One way to think about the optimization problem (actually more of a control problem) is that you'll want to make periodic adjustments to your portfolio (like a thermostat regulates temperature). For a portfolio, in the end, it is a vector of N weights (i.e. a vector in N-dimensional space), normalized to 1 (which is then multiplied times a leverage scale factor, which ranges from 0 to ~6). So, the problem comes down to updating the portfolio vector such that the "distance" between the old and new vectors is minimized, i.e. my objective function is an expression of the relationship between the old and new allocations. One approach is to use the square of the Euclidean distance between the old and new vectors.
So, with only one equality constraint that the new portfolio vector be normalized to 1, one ends up doing nothing. By adding additional constraints, the portfolio vector can be rotated in its N-dimensional space. I am still getting up the learning curve, but using the square of the Euclidean distance as an objective function puts one in the domain of quadratic programming. If the equality and inequality constraints can be expressed as linear functions of the portfolio weights, then there is computational machinery that can handle the problem. I'm not yet clear whether one is guaranteed of convergence to the constrained global minimum, and how long it might take, based on the number of weights (N), and the details of the constraints.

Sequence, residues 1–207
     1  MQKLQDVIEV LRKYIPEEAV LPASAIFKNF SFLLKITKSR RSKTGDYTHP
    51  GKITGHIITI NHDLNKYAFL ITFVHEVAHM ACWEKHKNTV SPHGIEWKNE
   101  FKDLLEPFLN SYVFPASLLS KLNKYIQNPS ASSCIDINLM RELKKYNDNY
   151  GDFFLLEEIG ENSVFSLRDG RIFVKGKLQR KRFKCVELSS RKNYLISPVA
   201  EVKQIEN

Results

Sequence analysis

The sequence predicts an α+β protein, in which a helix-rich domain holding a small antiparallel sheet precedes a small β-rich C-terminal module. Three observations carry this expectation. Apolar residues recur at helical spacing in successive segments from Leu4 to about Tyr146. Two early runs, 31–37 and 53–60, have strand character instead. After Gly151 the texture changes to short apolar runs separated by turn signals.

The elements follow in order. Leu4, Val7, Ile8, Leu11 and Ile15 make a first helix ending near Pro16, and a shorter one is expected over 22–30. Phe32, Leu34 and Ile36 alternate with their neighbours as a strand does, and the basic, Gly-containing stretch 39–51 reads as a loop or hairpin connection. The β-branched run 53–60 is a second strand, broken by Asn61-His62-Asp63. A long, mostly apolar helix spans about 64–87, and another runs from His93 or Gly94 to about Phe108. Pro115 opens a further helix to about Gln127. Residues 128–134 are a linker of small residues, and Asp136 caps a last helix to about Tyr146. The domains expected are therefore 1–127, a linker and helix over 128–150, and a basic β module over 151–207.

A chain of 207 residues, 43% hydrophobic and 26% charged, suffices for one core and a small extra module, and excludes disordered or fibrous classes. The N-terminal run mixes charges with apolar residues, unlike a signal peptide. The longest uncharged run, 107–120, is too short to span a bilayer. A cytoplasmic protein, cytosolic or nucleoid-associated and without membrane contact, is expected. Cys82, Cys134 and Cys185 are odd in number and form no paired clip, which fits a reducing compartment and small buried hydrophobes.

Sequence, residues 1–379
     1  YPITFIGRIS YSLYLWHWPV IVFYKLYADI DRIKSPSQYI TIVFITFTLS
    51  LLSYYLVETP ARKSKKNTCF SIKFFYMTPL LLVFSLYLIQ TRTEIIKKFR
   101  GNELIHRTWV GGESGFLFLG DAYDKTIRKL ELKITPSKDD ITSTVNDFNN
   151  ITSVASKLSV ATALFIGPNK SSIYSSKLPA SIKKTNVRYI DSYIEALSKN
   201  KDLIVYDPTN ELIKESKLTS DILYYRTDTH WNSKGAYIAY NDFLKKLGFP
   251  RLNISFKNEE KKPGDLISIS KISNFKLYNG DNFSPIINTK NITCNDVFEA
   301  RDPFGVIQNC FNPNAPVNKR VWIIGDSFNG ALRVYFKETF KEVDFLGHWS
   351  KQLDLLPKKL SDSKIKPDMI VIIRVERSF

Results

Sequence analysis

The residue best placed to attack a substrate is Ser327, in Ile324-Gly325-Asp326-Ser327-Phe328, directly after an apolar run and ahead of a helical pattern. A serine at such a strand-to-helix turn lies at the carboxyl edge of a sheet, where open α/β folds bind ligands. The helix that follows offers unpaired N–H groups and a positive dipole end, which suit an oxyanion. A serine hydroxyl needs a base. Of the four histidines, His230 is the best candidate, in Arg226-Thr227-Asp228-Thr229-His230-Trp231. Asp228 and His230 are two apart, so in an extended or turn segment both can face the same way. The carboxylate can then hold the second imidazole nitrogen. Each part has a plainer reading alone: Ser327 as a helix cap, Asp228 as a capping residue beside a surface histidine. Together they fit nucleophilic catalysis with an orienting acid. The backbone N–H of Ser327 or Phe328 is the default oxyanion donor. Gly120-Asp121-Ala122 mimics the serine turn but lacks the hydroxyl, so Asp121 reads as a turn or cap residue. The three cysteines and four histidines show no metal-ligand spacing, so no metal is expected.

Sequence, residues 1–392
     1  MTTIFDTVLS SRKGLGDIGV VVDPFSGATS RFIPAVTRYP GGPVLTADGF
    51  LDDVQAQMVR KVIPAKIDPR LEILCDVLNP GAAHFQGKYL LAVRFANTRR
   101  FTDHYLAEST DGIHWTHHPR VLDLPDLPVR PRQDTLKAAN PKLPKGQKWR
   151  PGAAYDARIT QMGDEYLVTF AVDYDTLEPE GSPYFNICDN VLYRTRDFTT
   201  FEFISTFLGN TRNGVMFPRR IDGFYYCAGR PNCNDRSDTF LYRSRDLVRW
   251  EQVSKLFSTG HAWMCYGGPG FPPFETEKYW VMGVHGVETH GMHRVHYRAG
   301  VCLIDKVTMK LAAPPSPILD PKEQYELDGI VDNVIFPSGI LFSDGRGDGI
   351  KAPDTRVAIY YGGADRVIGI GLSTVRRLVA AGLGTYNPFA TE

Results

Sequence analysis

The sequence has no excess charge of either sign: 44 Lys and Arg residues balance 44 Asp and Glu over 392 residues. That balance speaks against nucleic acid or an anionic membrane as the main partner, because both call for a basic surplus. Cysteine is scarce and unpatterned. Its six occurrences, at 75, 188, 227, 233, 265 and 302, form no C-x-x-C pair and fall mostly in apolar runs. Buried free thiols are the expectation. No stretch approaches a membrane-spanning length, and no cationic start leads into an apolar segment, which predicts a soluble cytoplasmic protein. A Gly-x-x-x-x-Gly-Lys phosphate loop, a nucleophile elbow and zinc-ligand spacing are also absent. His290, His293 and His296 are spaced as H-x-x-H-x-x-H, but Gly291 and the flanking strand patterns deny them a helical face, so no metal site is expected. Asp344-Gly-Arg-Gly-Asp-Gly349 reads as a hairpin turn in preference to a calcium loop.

A relevant paper on the topic is http://icml.cc/2012/papers/168.pdf along with its references.
For other optimizers available on Quantopian, see: